Tara: But that's especially concerning your AIDS-activism, isn't it? It seems like a self chosen or self-organized responsibility, in a way.

Akira: For what….I don’t know exactly for what I am responsible…For what am I so responsible? (laughs) AIDS? Yeah, in this place I have to be responsible for AIDS activity, but in Juicy! not, it's included, but….I would like to combine pleasure and responsibility more.

Tara: Can you see a way you could do that?

Akira: Maybe this kind of exhibitions we organize here, this makes me very happy, the mixture of artists and people who really want to have the information about AIDS. Maybe I could try to do more of this kind of things.

Tara: And concerning your art work? Your films and exhibitions? You have pleasure doing this kind of work?

Akira: Yes of course. But in this place I don’t want to do MY exhibitions… Should I? (laughs)

Tara: About practical politics. Often people involved in practical politics are very moralizing about what is political correct, or not. Do you have experiences with this here in Japan?

Akira: Yes, but it is not so much on the surface. There are very heavy things but more in the underground. If I fight with these kinds of problems, I can very easily be the victim of political correctness, so I don’t want to fight, I want to dance around the political correctness, always. For example the past war things…

Tara: Concerning the Japanese history?

Akira: Yes. The Japanese president never said 'I am sorry or we are sorry to the Asian countries, to China or to Korea or to Taiwan'. So this May I did a film with the Japanese national song, I changed the melody. At that time I felt that maybe I touch this issue with my finger. My expression is different, I sing the song of Japan, the national song but I changed the melody, but I really want to sing this song, because it is a song about love. It's the same with the AIDS-epidemics, too.

Tara: What for example?

Akira: Like safer sex political correctness is very heavy. So almost all activists say : >Safer sex! Safer sex!< But I think many slogans about AIDS come from America; it is an imported culture. Also the gay culture comes from America, the safer sex is the same. Japanese people can not believe in America any more…not so much.

Tara: Could you describe the American imported pc politics more concretely?

Akira: Like >safer sex is good sex.<  They say it in a very strong way, they use most extrapolated Helvetica for the posters, but it does not fit Japan, the Japanese people.  Maybe safer sex is good sex, but it is very hard to do that. This is our life, so how can I do that?

Tara: And what would you say?

Akira: Now I am doing many interviews with young people, please talk about safer sex, you don’t have to be a good child, please be honest, if you don’t like safer sex, please say that. This is very interesting…to find out our own way.

Tara: With all your experience and your knowledge, what would you propose?

Akira: Sex is not bad, basically. Sex is used to not be bad in ancient times for Japanese people, but before the First World War, like 100 years ago, when the Japanese government opened this country to the world, Japanese people take off many identities, one of it was their sexual identity, and after that the government always said to the people 'sex is bad and talking about sex in public is bad' and especially to women they said this: 'this is shameful if European and American people see that kind of barbarian it is very shameful.' So the Japanese sexual identity is confused.

Tara: And concerning safer sex?

Akira: Yes, so half in their mind they think sex is good, why should it be bad? But part of it is; this is shameful. So to say >safer sex is good sex. Use condoms.< This kind of manifesto is too strong and seems a little bit strange to the people, so we have to care for their confused identity before we say >safer sex is good sex<. We first have to say your sexual identity is not bad. So now, especially for gay men, many gay websites are open for >not using condoms is good sex. > People send e-mails to the website: I have experience without condoms, it was really good. Safer sex is very bad sex, many many people came to that website. It is a anti-reaction to >safer sex is good sex<.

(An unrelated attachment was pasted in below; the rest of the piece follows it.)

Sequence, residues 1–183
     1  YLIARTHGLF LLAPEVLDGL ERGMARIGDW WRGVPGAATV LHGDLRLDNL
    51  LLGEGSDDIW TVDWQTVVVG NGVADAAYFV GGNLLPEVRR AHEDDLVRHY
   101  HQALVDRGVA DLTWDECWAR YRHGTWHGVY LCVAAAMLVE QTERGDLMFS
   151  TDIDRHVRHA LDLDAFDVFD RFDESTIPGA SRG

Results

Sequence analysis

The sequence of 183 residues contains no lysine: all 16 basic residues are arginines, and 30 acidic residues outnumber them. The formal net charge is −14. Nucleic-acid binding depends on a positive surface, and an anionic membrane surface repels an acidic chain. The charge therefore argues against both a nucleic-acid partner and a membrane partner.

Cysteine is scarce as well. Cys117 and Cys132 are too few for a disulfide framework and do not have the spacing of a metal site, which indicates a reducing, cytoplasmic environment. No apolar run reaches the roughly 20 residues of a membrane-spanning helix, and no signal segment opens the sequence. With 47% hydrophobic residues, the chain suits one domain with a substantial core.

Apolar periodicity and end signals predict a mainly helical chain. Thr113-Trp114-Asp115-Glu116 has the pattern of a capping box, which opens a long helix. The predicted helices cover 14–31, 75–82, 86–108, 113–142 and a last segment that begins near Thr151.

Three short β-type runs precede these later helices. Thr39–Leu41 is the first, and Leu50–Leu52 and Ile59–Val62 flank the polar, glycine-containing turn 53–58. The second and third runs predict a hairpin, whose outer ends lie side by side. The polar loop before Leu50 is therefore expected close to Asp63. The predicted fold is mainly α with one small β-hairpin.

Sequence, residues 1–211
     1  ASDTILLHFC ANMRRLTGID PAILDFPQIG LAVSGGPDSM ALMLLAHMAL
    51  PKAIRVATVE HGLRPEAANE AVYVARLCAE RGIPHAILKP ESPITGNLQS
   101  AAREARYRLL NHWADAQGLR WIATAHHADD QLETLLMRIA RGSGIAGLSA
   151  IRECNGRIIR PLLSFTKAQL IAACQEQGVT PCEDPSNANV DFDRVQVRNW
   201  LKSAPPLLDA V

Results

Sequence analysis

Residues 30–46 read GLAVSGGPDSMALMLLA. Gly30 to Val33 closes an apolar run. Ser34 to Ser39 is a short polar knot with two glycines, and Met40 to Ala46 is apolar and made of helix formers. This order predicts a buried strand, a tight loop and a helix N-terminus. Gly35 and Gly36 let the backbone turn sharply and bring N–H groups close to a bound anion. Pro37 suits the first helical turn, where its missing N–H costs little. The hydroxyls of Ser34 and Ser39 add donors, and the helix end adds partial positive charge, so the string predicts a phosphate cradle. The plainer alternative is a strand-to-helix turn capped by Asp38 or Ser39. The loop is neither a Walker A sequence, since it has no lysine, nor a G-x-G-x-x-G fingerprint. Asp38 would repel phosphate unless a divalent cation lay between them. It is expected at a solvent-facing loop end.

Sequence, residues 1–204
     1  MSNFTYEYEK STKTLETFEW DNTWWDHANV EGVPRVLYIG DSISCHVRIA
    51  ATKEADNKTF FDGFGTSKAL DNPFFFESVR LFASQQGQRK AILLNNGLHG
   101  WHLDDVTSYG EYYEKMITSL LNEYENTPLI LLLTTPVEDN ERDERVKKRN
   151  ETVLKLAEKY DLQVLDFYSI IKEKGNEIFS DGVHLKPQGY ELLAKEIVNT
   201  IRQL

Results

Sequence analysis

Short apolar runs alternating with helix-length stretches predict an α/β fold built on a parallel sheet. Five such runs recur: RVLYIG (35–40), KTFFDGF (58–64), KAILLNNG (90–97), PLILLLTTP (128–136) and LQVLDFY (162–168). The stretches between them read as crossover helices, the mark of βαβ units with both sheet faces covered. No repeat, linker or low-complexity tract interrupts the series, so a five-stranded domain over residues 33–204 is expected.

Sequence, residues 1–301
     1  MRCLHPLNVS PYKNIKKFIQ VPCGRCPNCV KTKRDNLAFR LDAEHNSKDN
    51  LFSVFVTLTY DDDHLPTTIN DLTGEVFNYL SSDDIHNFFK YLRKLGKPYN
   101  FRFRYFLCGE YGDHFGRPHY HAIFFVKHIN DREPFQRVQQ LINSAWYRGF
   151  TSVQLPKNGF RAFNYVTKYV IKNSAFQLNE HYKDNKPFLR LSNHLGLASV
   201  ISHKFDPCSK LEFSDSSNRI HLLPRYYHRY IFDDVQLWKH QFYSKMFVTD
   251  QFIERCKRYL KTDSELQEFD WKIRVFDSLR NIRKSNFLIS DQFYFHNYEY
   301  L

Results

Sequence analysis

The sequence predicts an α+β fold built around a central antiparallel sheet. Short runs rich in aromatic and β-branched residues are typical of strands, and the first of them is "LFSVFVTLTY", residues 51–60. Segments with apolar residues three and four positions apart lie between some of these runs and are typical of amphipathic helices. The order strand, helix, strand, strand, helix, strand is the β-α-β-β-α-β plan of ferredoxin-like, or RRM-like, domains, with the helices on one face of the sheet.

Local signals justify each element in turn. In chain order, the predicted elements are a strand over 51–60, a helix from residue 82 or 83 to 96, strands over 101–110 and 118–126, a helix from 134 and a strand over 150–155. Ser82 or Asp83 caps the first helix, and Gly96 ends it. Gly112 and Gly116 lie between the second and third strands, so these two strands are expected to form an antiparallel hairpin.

Tara: But what would you say?

Akira: That's why I want to share information, if someone ejaculates in your eyes, what can we do….. or at least please don’t ejaculate in us, you can insert but please do not ejaculate, but this is very political incorrect, so I can not say that. At least as a public servant, I am very frustrated by that. Also, in Japan, to die for love is not a bad thing, but…

Tara: That's strange to here that from an AIDS activist. Surprising.

Akira: Yeah, you can find many novels from 2 or 3 hundred years ago in Japan, suicide story because of love, this kind of culture still exists in Japan. So at least we have to understand about this kind of culture, sex is not bad, but our identity is injured, also dying for love is not good but not bad, these 3 things are very important to understand. But I don’t think dying for love is a good thing, I am not a so simple person (laughs).

Tara: Yeah, I think you would not organize this space if you would.
Concerning morality_ with Assembly International we are searching for a way to struggle for change without this kind of moralizing way, what would you say is a method for yourself to do that?

Akira: I used to think the best way is to enjoy our new values. I want to show my happiness as being gay to the people and also share that for example with my parents. I really wanted to share my friends and gay movies and novels with my parents and I can do that, not with my father but with my mother I can. So I think sharing and showing our experiences is the best way to change values our find new values.

Tara: And concerning the gay movement in what way did your attitude change now?

Akira: I think it is not the time for me to do a demonstration in Japan, now I really try to love my life, very strongly, and this is the beginning I think, to find good things in this boring fucking country (laughs) and love it.

Tara: So for you this would be political.

Akira: Yeah, yeah. Maybe about gay things it's the same, I really would like to love my life as being gay and I really want to find good things in our community and to love that. This is the beginning, love, and after that I want to share that. So for me this is more important, than doing a demonstration.